October 26, 2009

Contemplating a Different World

[An important Update now added at the conclusion.]

I agree with IOZ's major points here, and I want to offer these additional thoughts.

By way of personal background: I haven't called myself a libertarian for several years. Even when I did, I wrote about what I called "contextual libertarianism," and that essay explains why I considered that approach so crucial. The essay proper was first published in November 2003, which seems a lifetime ago. In terms of how my ideas have progressed (and, I would hope, improved, but you will properly judge that for yourselves), the introductory comments I added to that post two years later were only another stop along a longer road. My view of both libertarianism, certainly as represented in contemporary American thought, and Ayn Rand has grown steadily more negative. One of these days, when I have time to kill completely -- I won't, so don't hold your breath -- I'll explain why I have virtually nothing positive to say about Rand, and a great deal to say which is negative in the extreme. The sole exception on the positive side of the ledger concerns a very limited aspect of her work, one which I view as meaningless given the totality of her views (although it does explain the very limited attraction her work once held for me, and which I mistakenly tried to convince myself represented a broader positive response). I recognize that some sort of Rand "resurgence" is occurring at the moment. I consider this renewed interest in Rand's work perfectly understandable, and I also view it as not remotely approaching a good thing. On second thought, I may have a few things to say about that in the future.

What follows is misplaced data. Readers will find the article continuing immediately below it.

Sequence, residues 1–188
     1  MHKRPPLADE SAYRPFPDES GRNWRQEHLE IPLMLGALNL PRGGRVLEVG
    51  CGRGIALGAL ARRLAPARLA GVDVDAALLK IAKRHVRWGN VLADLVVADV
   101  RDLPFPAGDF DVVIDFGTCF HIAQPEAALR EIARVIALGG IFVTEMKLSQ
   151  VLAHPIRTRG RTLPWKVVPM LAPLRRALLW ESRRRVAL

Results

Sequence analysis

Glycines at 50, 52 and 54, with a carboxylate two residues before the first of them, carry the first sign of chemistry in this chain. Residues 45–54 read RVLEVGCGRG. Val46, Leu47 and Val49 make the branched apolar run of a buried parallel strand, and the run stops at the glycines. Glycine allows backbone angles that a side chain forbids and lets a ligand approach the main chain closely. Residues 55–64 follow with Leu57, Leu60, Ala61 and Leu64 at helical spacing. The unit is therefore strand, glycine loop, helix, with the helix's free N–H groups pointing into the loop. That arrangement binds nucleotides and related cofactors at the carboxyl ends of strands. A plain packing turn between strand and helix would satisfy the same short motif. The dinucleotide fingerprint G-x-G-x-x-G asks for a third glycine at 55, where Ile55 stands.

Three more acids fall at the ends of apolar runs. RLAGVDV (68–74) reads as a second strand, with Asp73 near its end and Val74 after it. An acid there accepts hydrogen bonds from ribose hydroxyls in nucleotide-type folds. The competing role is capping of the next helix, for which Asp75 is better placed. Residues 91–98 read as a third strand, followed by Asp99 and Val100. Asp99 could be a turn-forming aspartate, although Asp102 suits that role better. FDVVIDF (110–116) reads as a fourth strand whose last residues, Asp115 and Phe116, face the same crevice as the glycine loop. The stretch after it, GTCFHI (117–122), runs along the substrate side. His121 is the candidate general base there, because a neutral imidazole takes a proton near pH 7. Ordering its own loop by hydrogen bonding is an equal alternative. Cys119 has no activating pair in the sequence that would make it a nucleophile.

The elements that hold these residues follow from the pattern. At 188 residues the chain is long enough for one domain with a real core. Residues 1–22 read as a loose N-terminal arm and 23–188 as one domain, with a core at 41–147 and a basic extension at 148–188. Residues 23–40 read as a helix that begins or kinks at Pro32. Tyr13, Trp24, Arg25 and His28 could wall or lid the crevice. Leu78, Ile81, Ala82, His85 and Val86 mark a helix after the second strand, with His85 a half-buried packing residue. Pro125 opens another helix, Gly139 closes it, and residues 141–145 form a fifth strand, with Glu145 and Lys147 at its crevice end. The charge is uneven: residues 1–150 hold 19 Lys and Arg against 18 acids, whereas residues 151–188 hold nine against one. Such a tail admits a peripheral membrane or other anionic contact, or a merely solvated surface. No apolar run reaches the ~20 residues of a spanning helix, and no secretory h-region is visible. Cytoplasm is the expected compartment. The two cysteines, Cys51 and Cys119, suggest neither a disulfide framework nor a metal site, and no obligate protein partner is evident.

(I identified what is perhaps my most basic criticism of Rand in very broad terms in the introductory comments to this article: "I hope to return to the 'Systems of Obedience' series in a few months, after completing some other writing. And Rand's 'philosophy,' such as it is, fits perfectly into that series: despite the protestations of her followers and of Rand herself that her philosophy reveres reason and independence above all else, the opposite is true. With regard to how her ideas actually work in the lives and thought of her admirers and, I would submit, the only way those ideas can work, Rand's notions ultimately and inevitably reduce to a demand for obedience to principles that are often defended very poorly or barely at all, that are frequently incoherent and contradictory, and that are extraordinarily damaging, in ways both small and tragically large." As long-time readers will know, my entire life revolved around Rand and "Objectivism" for close to a decade, and I worked in the office of her last publication during its entire five years of existence in the 1970s. I had regular contact with Rand and many of her associates, and a few of them -- although certainly not Rand herself -- became very close friends. So I know all this from extensive and very painful personal experience, in addition to now considering all these observations to be fully and necessarily accurate given the nature of Rand's ideas and her approach themselves.)

I described my own journey in more detail just before my sixtieth birthday: